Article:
The Spirit of the Hive

CSW Kronika, 30.11.2020–03.2021

Internet version of the exhibition –
Video from the work Enjoying the Abundance (Erasing the Land)

The Spirit of the Hive

Ten thousand years ago, a woman-beekeeper was drawn with a skillful line on the wall of the Araña Cave. She was gathering honey from the wild bees that have been on Earth for over a hundred million years.

Beekeeping practice is a long and careful discipline. The observation of every, even the slightest, relationship between a bee and a swarm, a swarm and a queen, a bee family and environmental conditions indicates a gradation of relationships in nature, of which we constitute just one piece: a species that is a threat to others, becoming more and more numerous, the most expansive, exploiting and destructive to the environment. In view of the widespread problem of bee extinction, running an apiary seems to be beneficial for the survival of the bee specie. However, it also poses a question whether the predominance of honeybees would not interfere with biodiversity among other pollinating insects. It must be said with honesty that human interference in the lives of bees has always been driven by profit. The intentions are clearly manifested even by the terms “bee farming” or “honey harvesting”. In order to think ecologically, one should remember about the balance between the wellbeing of bees and the wellbeing of humans which depends on the ethics of the beekeeper. It should result not so much from empathy for the living creatures, as it may seem, but also from current scientific knowledge regarding the threats to the existence of pollinating insects, without which we will become extinct.

Maurice Maeterlinck wrote: “All things go to prove that it is not the queen, but the spirit of the hive, that decides on the swarm. With this queen of ours it happens as with many a chief among men, who though he appear to give orders, is himself obliged to obey commands far more mysterious, far more inexplicable, than those he issues to his subordinates.” Do we humans listen to such spirit?

I was examining the formations of the capped cells in a mature honeycomb and I came to the realization that the way nature communicates is still incomprehensible to us. We claim the right to assess intelligence and attribute the highest one to ourselves, downplaying other species, even though we barely know them. If the spirit of the hive tells the bees to leave an abundant nest, contrary to human logic, in order to preserve the species, do we, humans hear anything? Are we deaf to this mournful moan of dying nature?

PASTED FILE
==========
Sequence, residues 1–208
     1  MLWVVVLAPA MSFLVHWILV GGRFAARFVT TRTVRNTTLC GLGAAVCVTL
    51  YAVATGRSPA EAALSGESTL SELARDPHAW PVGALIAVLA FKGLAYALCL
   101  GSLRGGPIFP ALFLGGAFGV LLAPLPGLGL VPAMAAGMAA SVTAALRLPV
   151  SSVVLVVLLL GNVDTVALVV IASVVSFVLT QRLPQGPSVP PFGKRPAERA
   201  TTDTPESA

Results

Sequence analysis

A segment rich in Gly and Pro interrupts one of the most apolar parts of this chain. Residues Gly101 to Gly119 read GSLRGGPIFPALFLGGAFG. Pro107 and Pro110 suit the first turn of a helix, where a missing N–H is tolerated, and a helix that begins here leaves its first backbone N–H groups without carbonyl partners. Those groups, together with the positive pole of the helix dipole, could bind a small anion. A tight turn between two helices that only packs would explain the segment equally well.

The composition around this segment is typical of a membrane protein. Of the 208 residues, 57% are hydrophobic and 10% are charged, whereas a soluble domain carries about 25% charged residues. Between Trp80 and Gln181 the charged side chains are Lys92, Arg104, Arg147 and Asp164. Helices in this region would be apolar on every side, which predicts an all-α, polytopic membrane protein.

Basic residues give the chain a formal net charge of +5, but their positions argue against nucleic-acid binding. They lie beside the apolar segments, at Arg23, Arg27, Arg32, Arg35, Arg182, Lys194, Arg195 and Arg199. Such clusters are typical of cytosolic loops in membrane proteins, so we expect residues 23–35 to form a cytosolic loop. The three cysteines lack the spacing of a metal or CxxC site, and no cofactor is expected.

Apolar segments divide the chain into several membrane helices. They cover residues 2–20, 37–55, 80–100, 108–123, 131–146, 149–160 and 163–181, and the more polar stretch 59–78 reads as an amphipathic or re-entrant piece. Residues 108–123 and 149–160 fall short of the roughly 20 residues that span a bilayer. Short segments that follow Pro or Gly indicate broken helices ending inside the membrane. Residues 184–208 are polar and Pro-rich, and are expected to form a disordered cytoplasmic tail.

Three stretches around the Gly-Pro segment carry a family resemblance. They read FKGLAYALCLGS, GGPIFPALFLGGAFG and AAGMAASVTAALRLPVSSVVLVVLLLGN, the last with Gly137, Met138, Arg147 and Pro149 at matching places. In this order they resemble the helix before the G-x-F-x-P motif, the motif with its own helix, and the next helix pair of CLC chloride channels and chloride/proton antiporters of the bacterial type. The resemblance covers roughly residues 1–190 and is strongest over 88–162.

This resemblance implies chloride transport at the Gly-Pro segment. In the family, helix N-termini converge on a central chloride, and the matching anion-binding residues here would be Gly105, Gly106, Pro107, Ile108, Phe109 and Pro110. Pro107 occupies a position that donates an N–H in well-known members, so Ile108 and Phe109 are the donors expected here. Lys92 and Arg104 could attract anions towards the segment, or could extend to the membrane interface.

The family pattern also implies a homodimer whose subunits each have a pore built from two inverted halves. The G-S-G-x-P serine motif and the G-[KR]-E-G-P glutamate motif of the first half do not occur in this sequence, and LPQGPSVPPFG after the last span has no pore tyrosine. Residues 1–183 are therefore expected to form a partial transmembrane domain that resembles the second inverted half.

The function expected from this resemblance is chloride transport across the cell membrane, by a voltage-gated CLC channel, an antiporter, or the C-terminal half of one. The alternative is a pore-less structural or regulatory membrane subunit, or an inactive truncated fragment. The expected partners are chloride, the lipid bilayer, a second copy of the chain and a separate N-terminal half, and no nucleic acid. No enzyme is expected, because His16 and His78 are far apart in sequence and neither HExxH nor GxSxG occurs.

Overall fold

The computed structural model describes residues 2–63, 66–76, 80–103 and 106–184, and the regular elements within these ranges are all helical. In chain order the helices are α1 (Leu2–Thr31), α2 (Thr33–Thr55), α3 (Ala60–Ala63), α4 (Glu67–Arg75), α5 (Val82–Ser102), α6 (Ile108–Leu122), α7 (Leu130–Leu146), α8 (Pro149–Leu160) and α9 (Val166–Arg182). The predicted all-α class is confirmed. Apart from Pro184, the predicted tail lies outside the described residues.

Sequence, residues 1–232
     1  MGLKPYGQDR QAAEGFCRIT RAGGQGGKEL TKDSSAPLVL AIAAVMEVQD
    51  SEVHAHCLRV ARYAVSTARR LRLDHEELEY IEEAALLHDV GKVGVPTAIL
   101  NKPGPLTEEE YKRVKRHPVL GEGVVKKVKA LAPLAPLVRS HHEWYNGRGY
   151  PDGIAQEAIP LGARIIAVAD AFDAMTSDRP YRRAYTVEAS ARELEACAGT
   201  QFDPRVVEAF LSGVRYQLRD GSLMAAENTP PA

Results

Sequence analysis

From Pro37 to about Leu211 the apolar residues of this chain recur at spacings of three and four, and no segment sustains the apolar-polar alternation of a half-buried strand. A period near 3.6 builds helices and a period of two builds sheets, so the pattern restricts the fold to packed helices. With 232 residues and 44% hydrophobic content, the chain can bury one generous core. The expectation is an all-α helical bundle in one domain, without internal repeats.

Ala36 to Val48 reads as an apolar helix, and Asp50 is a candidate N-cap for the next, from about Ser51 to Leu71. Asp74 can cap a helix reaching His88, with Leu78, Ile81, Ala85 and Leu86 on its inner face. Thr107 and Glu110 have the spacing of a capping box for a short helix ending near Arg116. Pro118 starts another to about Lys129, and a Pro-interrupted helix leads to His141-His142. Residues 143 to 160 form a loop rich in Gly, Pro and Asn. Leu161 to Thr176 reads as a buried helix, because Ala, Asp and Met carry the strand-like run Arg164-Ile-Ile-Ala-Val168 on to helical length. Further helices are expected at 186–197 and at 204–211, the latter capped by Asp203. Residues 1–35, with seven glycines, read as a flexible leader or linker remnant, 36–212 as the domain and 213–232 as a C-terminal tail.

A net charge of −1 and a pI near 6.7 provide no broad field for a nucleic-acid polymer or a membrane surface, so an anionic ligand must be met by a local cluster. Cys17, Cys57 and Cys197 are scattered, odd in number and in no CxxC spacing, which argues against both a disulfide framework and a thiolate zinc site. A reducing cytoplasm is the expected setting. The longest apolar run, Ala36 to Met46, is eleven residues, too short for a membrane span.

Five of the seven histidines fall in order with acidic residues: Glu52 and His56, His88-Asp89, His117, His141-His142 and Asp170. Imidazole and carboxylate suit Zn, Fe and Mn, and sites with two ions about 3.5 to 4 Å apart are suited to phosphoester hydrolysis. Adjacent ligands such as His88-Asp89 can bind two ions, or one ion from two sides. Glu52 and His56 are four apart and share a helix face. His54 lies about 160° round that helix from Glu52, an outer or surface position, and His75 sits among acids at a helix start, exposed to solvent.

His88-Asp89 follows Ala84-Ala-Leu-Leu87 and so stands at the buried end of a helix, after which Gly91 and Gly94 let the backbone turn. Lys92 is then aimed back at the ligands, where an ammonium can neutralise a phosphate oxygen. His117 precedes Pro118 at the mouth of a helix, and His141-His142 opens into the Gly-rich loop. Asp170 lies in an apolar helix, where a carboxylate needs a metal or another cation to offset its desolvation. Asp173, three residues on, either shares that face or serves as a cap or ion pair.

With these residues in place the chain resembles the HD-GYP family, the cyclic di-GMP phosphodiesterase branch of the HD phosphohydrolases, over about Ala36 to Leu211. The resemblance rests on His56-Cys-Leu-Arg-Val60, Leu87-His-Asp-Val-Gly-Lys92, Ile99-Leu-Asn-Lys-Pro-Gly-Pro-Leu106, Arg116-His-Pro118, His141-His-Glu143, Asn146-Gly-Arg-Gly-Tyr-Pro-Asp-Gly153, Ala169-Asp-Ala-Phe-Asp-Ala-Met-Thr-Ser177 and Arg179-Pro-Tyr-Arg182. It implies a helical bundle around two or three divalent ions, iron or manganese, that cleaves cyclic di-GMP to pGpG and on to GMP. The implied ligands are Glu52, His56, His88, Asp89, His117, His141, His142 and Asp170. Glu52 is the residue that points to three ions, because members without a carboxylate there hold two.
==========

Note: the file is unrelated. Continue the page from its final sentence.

Negotiating the shape of the maps with the bee colonies was arduous. After all, humans and bees do not have a common language. Of course, it was also empirically interesting. The idea to manually recreate the maps seemed crazy. Well. Initially quite dissatisfied with the effects of the work, I took the frame to be adjusted: placed it in a row of others honeycombs in the beehive, and waited. The revision process conducted by the bees turned out to be ruthless. The shape I applied was erased, razed to the ground, the comb was cleared of any deceptive human manipulation. Ultimately, the cells of the honeycomb that I had capped were empty. You need to know that the capping of a cell takes place only when the collected nectar is subjected to the chemical processes of various enzymes and becomes honey containing the appropriate level of water, which is evaporated by the bees increasing the temperature in the hive. Honey is a hygroscopic substance and a tight, air-tight capping prevents the honey from re-absorbing water. This is how prophetic cartography comes into being, a shape of the land on the bees’ map.

I left the upper part of the hive empty, just decked with a cover. The bees built honeycombs in it accordance with their own architectural design and intent. The elliptical shapes that climb downwards are formed from the exuded wax, and they are built in a very particular way: a dangling cluster of worker bees, facing upwards, freezes and exudes the wax motionless in the form of tiny plates, which then becomes a nest building material when chewed with bees’ mandibles. The wax producing bees build the center wall along which they coordinate work with others. The further the ledge of the honeycomb is extended, the more the cells at the top are deepened and strengthened. Turning the lid upside down to better observe the natural process of construction, I thought of the Araña Cave beekeeper woman watching the wild swarm, guided by the spirit of the hive, freely building its own city.

Michał Smandek

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